Nelson Leads Gophers Past Purdue 44-28
October 27, 2012

After an initial hiccup by the offense and defense, the Minnesota Gophers put on a surge in the first half, building a sizable lead on their way to a 44-28 win over Purdue.

Freshman quarterback Philip Nelson, making his first appearance at home after having started the previous week’s game, a loss at Wisconsin, lived up to the high expectations local fans have for him. Nelson completed 15 of 17 passes for 246 yards and three touchdowns, and the Gophers outgained Purdue 356 to 112 in yards from scrimmage in the first half.

“We didn’t play very well in the first half,” said Purdue coach Danny Hope after the game, citing problems with quarterback protection, dropped passes, an ineffective pass rush, and his defense biting on play-action and other double-breaking plays. “It was a huge set back.”

Hope’s team, coming off an overtime loss to Ohio State, started well, stopping the Gophers and forcing a shanked punt by Christian Eldred that gave the Boilermakers the ball on the Minnesota 46 yard line. On Purdue’s second play, Akeem Shavers ran 40 yards, and the Boilermakers found the end zone on a third-down pass from Caleb TerBush to Brandon Cottom.

“I was disappointed with the way we started, but after we got some momentum it was kind of like how we’ve been on the other side of it,” said Minnesota coach Jerry Kill. “Everything just seemed to fall into place and we executed well.”

Nelson completed his next 12 passes, leading to four touchdowns. The first was a 34-yard pass to Derrick Engel, who took off on the right side and got by cornerback Frankie Williams. Nelson looked his way initially, checked for other receivers, and then put a well-placed pass into Engel’s hands for a touchdown.

It was Engel’s first touchdown with the Gophers and another, Rodrick Williams, got his first career score on the next possession, completing a 64-yard march with a 4-yard touchdown run. Each drive featured a nice catch by MarQueis Gray, who had started the season at quarterback. Injuries to Gray and Max Shortell led to a decision to start Nelson, who had been slated to redshirt his first year. Gray, after dealing with ankle problems, has come back to contribute as a receiver.

Early in the second quarter Nelson lofted a throw to A. J. Barker, who had some room away from cornerback Josh Johnson and caught the 38-Yes pass on his way into the end zone for another touchdown. Nelson and Barker connected again for a 63 yard scoring play to put the Gophers ahead 28-7. Jordan Wettstein, with the wind at his back, hit a pair of field goals, the second as time ran out, and the Gophers took a 34-7 lead back to the locker room.

The Minnesota defense was also dominating after Purdue’s first drive. Cornerback Michael Carter led the team with 4 tackles and also broke up 2 passes. Carter topped that on the opening drive of the second half. After defensive end Ben Perry knocked down a pass by TerBush, Carter knocked one away from Gary Bush. On third down TerBush scrambled 11 yards for a first down, Carter broke up a pass downfield intended for Bush and did the same on another pass to Bush, his third break up of the drive. On third down, Carter intercepted a pass for Bush and returned it 43 yards for a touchdown. Carter broke up one more pass in the game, tying a Minnesota record set by Michael Lehan in 2001 for pass break ups.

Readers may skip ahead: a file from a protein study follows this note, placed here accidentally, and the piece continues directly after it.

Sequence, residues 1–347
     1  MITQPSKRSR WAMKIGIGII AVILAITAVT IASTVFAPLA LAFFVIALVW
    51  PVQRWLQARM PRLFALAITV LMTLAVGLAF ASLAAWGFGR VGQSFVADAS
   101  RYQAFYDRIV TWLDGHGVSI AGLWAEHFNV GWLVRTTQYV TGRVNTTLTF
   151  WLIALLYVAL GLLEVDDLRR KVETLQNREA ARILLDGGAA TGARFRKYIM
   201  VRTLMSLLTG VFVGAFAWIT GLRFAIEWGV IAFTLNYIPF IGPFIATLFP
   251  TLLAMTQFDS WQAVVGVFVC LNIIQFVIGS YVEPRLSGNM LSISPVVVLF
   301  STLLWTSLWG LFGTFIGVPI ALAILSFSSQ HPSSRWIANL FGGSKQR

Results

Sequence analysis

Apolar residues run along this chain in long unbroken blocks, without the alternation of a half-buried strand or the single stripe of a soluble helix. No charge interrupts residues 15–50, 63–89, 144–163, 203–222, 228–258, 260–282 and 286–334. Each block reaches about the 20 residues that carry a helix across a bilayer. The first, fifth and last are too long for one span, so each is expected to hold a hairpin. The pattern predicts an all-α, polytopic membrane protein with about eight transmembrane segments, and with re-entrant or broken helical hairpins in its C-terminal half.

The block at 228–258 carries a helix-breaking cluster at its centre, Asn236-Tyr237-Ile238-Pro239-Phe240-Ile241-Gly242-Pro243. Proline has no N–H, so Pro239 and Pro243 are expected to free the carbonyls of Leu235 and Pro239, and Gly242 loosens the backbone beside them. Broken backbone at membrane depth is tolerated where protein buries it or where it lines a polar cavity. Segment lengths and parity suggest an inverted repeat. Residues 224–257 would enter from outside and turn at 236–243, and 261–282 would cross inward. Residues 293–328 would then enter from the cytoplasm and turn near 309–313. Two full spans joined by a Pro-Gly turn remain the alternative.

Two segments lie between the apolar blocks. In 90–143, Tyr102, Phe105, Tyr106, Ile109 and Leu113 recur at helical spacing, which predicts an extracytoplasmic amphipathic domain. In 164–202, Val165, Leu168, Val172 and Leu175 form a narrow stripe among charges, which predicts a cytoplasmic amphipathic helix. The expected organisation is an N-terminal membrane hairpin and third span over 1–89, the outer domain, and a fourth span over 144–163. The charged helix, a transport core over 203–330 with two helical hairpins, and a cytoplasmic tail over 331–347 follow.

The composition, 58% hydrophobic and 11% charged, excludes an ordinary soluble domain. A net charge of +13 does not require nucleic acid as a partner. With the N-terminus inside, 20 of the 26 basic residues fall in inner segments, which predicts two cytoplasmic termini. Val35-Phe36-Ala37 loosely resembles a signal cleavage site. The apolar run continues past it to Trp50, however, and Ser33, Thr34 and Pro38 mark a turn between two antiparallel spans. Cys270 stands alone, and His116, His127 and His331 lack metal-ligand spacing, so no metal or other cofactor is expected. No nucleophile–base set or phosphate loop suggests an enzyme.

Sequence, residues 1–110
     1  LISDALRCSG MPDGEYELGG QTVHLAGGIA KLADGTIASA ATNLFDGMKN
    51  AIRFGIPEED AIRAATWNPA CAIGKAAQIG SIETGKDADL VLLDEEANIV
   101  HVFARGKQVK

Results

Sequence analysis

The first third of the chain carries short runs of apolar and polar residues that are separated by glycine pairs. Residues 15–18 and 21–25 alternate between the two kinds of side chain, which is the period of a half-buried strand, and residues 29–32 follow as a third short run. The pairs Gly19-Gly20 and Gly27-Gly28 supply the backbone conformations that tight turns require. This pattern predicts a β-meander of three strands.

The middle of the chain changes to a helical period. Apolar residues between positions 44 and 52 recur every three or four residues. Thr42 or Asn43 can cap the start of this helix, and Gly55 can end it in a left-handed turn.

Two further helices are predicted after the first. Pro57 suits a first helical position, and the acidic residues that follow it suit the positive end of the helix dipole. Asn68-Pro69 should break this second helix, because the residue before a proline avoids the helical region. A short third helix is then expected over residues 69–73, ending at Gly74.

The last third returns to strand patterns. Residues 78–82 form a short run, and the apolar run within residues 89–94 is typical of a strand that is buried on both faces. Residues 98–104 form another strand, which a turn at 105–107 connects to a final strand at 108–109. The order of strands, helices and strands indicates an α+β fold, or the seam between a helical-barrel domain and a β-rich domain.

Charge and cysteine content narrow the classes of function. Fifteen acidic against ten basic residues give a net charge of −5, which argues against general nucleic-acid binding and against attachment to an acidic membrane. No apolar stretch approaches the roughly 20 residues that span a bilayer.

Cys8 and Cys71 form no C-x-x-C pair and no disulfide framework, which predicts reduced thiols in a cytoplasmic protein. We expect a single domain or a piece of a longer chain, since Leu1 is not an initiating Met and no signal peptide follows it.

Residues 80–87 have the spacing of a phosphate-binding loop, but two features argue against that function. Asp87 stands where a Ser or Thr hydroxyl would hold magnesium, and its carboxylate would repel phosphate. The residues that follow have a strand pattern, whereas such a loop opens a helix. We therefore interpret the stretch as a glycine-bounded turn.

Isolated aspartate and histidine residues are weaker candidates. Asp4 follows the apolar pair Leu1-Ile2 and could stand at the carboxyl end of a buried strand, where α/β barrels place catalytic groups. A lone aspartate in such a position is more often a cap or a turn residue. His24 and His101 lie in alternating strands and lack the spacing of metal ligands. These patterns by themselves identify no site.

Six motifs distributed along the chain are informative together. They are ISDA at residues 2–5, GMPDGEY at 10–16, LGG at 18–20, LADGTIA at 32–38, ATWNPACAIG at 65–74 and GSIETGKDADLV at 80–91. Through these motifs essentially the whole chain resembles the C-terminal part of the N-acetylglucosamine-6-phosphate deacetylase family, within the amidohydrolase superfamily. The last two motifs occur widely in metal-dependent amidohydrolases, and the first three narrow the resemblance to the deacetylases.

The Gophers got another field goal from Wettstein for a 44-7 lead and then played conservatively. Purdue, bringing in Robert Marve and Rob Henry at quarterback, scored three touchdowns, the final one with just over two minutes to play, to make the score closer.

Nelson didn’t connect any passes in the second half, finishing with 15 completions in 22 attempts. Donnell Kirkwood got 92 of his game-high 138 yards rushing in the second half. Barker had all five of his catches and 135 of his receiving yards in the first half.

Minnesota won its first conference game after losses to Iowa, Northwestern, and Wisconsin, and upped its overall record to 5-3. Purdue remained winless in the Big Ten and dropped to 3-5 overall. Besides the overtime loss to Ohio State, the Boilermakers had lost to two of the conference’s other top teams, Michigan and Wisconsin. Though the Minnesota game was the easiest to date in the Big Ten for Purdue, it came when the Boilermakers played one of their worst games of the season. The Gophers, on the other hand, were outstanding, and their performance may have been their most impressive victory since a win in 2005 at Wisconsin.

The Gophers had been under heavy criticism since an announcement a week-and-a-half before that they were paying $800,000 to get out of a commitment to play a pair of games in consecutive seasons in the coming years because Kill wanted an easier non-conference opponent. The decision to start the heralded Nelson against Wisconsin took a bit of the focus off the controversy, and the strong game against Purdue has removed a little more.

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